There are lots of smart people asking tough questions about civic hacking and hackathons as the new year begins – a new year that promises to see lots of action on the civic hacking front.
I think this is a good thing. The more we examine how civic hackathons work and the more we evaluate what they produce, the better we’ll get at running them and the more we’ll all get out of them.
A lot happened in the world of civic hacking, open data and hackathons in 2011. But does all of this activity matter? Are the events and activities we are seeing in the civic hacking space making a lasting difference? Is the civic hackathon a construct that we will see used in the long run to promote new ideas and lasting civic change?
In a word, yes. Let me explain.
Confessions of a Civic Hacker
First, a bit of a disclaimer.
I’m not objective on the subject of civic hackathons. I was a competitor in the very first Apps for Democracy that took place under Vivek Kundra in Washington, DC, and I was also a competitor in the first Apps for America contest put on by the Sunlight Foundation.
Since then, I’ve been a participant in lots of other civic hackathons and coding events as either a participant, organizer or sponsor (sometimes as more than one).
In March, I’ll be speaking at SXSW Interactive on the subject of civic hackathons, describing lessons learned at hackathons in 2011 and highlighting strategies for holding successful events in 2012 and beyond.
I’ve written before about the value of hackathons, and tried to dispel what I consider to be misconceptions about them, or highlight what I believe is unreasonable in terms of expectations for their success.
Having said all of that, I think I’m also a realist about what it takes to deliver real civic change. I’ve worked in government before and I understand the challenges and priorities of those in the public sector. I think a critical evaluation of civic hacking is healthy, and this is a very good time to do it.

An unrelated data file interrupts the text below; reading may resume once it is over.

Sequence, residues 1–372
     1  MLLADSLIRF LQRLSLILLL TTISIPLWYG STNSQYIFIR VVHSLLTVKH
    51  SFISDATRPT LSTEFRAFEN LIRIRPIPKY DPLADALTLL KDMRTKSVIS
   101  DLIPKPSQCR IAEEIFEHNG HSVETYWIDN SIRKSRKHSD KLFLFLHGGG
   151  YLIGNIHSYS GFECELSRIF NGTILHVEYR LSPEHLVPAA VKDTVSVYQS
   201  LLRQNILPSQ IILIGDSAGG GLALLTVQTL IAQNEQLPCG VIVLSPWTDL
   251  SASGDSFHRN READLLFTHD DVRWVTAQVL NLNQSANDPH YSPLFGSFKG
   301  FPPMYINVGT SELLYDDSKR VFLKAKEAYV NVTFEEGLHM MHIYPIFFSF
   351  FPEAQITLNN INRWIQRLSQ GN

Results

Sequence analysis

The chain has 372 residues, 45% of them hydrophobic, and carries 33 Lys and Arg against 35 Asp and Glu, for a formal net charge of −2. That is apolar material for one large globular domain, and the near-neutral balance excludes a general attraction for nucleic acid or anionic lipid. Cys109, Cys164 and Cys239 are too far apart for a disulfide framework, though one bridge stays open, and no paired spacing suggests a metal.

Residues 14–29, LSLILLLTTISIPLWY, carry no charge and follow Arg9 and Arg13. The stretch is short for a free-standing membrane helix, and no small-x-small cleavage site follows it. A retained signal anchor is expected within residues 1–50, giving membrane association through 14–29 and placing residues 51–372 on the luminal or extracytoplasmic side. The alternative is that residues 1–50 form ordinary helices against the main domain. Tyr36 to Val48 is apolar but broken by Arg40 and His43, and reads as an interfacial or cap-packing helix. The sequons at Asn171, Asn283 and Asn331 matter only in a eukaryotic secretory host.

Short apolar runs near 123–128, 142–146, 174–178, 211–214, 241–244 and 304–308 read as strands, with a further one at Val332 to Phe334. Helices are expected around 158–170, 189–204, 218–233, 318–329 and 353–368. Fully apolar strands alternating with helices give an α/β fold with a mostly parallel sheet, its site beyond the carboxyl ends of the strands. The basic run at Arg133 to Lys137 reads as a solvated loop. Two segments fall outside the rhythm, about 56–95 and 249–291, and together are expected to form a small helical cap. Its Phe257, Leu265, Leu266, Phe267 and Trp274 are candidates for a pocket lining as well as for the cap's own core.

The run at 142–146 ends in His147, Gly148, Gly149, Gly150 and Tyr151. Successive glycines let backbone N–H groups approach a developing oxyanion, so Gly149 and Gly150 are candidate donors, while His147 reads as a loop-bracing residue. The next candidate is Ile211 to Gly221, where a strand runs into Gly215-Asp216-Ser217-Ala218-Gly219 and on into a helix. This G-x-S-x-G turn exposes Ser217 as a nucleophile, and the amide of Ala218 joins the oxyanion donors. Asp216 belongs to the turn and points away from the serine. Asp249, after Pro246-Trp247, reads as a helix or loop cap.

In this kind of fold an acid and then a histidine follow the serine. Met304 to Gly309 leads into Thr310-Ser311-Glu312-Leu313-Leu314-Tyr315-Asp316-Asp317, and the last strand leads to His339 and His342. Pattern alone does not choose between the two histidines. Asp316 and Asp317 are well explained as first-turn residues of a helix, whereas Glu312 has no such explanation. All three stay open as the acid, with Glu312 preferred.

If we’re going to examine the value of civic hacking in general and hackathons in particular, I think looking back on what happened in 2011 is critical. A lot of very important things in the world of civic hacking took place last year.
What I saw in 2011
One of the most important trends I saw last year was the growth in independently organized civic hacking events. These events were not organized by the local government that was the “subject” of the hackathon, and they lacked the large cash prizes of the more traditional municipal hacking event.
These events are important because they are driven by civic activists and hackers that want to make their own cities work better and smarter. This wasn’t hackathons foisted onto the local technology community by some well meaning but ill informed elected official or government employee.
This was local hacker communities deciding that they wanted to work on issues that affect their neighborhoods and their cities, and choosing the hackathon as the vehicle to most effectively do it. That’s a big deal in my mind.
These events were highly focused on specific problems. An event in Philadelphia was focused on transit issues; an event in Baltimore focused on education; the series of “Summer of Smart” events in San Francisco each focused on a single issue like food and nutrition to health to sustainable energy usage.